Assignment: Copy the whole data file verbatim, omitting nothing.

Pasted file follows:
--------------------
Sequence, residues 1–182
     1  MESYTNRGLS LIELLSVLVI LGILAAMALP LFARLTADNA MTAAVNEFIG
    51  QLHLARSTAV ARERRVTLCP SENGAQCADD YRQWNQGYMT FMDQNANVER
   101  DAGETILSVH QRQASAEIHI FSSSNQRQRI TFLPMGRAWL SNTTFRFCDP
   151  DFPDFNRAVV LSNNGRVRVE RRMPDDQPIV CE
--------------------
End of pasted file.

Sequence, residues 1–182
     1  MESYTNRGLS LIELLSVLVI LGILAAMALP LFARLTADNA MTAAVNEFIG
    51  QLHLARSTAV ARERRVTLCP SENGAQCADD YRQWNQGYMT FMDQNANVER
   101  DAGETILSVH QRQASAEIHI FSSSNQRQRI TFLPMGRAWL SNTTFRFCDP
   151  DFPDFNRAVV LSNNGRVRVE RRMPDDQPIV CE